649 episodes

A weekly podcast featuring the leading thinkers in business and management.

HBR IdeaCast Harvard Business Review

    • Business
    • 4.6 • 44 Ratings

A weekly podcast featuring the leading thinkers in business and management.

    Trying to Persuade and Other Big Mistakes Marketers Make

    Trying to Persuade and Other Big Mistakes Marketers Make

    Many marketers today focus on getting consumers to consciously change their behavior. But that’s a sure path to failure, according to Leslie Zane, founder of Triggers Brand Consulting. She says neuroscience research shows that mastering instinct is far more effective than persuasion. And she shares her key lessons for aligning with the instinctive mind to improve company brands, new products, social campaigns, or your own personal brand. Zane is the author of the book The Power of Instinct: The New Rules of Persuasion in Business and Life.

    • 25 min
    Is People-Pleasing Holding You Back?

    Is People-Pleasing Holding You Back?

    There's a fine line between pitching in to help your team and taking on too much at the expense of your mental health and performance. Author and coach Hailey Magee walks us through why some of us fall into people-pleasing patterns, the negative impact it can have on our careers, and how to stop. She also offers advice for managers on how to help employees identify and break out of these bad habits. Magee is the author of Stop People Pleasing and Find Your Power.

    • 29 min
    Why We Should Pay More Attention to Departing CEOs

    Why We Should Pay More Attention to Departing CEOs

    When news breaks of a CEO succession, much of the attention is given to the new leader and how they will change the company. But new research shows that the leave-taking process of the outgoing chief executive is often mishandled, with negative impacts on succession and the organization. Rebecca Slan Jerusalim, an executive director at Russell Reynolds Associates, and Navio Kwok, a leadership advisor at RRA, say that boards are often surprised when a CEO gives notice, and they often make that person feel excluded during the handoff process. The researchers share stories from the front lines about CEO psychology, best practices for outgoing leaders and their boards, and broader lessons for effective transitions. Jerusalim and Kwok wrote the HBR article "The Vital Role of the Outgoing CEO."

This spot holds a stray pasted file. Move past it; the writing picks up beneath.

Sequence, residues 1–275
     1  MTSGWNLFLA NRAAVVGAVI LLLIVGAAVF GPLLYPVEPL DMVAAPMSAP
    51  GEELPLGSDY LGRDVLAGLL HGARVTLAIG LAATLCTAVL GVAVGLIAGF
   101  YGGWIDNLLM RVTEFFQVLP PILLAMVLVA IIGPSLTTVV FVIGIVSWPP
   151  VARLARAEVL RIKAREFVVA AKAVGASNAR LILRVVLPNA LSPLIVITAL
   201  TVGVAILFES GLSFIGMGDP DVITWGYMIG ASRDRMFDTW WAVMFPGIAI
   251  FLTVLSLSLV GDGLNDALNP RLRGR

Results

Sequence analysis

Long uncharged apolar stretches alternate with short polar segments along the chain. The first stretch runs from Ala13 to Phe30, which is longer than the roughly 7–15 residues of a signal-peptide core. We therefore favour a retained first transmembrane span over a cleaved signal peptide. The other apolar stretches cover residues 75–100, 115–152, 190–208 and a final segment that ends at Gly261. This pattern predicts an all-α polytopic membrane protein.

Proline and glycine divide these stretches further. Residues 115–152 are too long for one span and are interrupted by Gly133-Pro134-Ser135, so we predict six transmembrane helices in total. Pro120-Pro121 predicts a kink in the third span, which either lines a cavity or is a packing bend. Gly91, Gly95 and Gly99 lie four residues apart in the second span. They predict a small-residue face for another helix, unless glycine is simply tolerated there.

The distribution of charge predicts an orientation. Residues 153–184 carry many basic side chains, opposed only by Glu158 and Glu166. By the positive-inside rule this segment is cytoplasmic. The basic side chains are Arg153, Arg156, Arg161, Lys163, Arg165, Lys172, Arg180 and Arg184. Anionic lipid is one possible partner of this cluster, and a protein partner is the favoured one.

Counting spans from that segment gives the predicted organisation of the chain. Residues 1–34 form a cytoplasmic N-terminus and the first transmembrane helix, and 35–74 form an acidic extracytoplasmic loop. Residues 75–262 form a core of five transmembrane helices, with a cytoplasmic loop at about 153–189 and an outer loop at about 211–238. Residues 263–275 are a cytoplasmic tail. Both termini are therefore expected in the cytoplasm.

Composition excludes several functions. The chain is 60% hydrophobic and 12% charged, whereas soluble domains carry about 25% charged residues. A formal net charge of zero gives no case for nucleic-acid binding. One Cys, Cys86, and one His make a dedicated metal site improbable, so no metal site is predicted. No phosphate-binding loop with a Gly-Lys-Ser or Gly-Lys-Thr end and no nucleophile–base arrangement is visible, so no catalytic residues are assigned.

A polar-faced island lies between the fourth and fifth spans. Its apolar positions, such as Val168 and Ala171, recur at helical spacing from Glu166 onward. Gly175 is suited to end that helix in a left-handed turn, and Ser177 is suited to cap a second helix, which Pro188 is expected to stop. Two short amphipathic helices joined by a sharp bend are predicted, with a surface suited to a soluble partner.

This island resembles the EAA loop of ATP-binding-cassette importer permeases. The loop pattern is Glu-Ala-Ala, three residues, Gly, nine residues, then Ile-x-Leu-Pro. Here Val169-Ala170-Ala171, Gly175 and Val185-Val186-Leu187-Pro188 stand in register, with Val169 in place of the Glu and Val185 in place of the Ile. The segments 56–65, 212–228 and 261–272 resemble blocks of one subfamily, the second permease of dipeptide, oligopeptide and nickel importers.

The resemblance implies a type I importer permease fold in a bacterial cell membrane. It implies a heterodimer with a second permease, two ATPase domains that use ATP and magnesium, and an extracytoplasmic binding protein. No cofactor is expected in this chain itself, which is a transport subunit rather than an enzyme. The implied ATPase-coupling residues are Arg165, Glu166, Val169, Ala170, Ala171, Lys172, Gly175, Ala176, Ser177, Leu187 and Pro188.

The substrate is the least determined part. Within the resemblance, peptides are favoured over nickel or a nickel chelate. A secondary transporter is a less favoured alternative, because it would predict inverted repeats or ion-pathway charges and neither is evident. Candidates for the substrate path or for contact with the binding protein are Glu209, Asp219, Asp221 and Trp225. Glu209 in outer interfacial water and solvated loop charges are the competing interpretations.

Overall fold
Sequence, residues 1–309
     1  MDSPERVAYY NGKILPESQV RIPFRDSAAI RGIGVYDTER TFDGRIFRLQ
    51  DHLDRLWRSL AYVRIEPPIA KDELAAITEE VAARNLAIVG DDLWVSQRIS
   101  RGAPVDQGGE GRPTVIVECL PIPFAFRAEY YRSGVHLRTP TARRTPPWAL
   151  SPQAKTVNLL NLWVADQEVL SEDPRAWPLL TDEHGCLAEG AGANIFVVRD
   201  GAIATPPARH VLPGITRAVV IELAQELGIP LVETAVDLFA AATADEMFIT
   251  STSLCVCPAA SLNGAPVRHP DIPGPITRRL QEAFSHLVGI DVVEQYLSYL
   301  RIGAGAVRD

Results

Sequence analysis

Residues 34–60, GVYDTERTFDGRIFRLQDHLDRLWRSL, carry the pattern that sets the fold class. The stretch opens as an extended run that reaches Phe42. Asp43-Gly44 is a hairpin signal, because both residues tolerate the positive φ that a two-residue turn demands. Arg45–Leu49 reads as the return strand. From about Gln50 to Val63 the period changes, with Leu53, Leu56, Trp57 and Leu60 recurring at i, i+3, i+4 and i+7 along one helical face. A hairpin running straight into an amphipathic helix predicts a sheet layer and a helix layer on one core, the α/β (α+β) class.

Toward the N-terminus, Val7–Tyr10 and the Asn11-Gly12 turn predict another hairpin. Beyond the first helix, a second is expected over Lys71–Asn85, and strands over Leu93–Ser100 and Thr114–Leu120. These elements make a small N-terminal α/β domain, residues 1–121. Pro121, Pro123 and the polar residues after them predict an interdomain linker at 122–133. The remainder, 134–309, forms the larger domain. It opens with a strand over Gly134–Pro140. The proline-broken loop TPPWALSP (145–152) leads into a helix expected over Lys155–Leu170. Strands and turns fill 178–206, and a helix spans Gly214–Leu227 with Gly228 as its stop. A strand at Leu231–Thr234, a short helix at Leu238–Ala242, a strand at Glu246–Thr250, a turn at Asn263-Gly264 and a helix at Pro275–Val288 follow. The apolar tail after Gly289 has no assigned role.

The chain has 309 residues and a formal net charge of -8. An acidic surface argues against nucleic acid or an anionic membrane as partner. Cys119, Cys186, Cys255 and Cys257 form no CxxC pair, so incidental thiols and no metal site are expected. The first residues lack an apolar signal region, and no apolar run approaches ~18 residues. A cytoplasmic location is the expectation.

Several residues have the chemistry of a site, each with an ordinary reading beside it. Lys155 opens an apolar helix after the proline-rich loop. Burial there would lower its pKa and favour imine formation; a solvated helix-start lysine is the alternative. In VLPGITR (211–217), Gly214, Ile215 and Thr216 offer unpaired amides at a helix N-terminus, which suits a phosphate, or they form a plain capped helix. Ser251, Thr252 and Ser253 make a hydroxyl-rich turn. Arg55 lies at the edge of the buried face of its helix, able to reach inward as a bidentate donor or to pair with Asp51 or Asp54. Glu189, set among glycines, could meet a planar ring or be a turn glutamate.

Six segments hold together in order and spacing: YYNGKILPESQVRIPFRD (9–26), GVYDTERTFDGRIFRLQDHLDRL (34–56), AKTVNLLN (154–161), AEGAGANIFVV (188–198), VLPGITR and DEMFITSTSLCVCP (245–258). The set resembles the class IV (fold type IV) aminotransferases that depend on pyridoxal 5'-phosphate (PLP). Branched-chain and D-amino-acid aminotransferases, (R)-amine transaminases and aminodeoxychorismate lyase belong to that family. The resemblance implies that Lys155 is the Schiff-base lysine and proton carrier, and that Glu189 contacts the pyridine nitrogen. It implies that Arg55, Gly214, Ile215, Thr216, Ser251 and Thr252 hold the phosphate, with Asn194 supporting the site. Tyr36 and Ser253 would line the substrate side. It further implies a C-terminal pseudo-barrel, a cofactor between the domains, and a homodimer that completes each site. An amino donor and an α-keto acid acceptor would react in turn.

• 28 min
    Darius Rucker on Resilience and Reinvention

    Darius Rucker on Resilience and Reinvention

    Darius Rucker has reached the top of the music charts in not just one but two genres: first as the lead singer of the 1990s band Hootie and the Blowfish, then in a second act as a solo country star. He shares lessons on following your passion, staying humble, working your way up, and defying stereotypes and expectations. He's the author of a new memoir Life's Too Short.

    • 22 min
    When Your Employee Is Underperforming

    When Your Employee Is Underperforming

    Many managers struggle with initiating difficult conversations around an individual’s subpar performance. Often, leaders wait way too long to sit down with an employee who isn’t meeting expectations. Leadership coach Jenny Fernandez says that increasing the frequency of feedback and consciously developing better relationships with direct reports help make these conversations easier to start. And she shares how the right preparation, tone, and open-minded approach lead to more effective discussions that improve not just the one-on-one relationship, but also team morale and turnover rates. Fernandez is the author of the HBR article "How to Talk to an Employee Who Isn’t Meeting Expectations."

    • 25 min
    Why Managers Play Favorites - and How They Can Change

    Why Managers Play Favorites - and How They Can Change

    While most good bosses try to be fair and balanced with their direct reports, it's only human to prefer the company and work styles of some team members over others, and employees are keenly aware of those preferences. They see favorites and non-favorites, ingroups and outgroups -- and when those divisions fester, they can destroy team culture and performance. Ginka Toegel, professor at IMD Business School, explains why even well-intentioned managers succumb to favoritism, how workers on both sides are affected, and what we can do to both avoid and rectify the problem. Toegel is the coauthor of the HBR article "Stop Playing Favorites."

    • 27 min

Customer Reviews

4.6 out of 5
44 Ratings

44 Ratings

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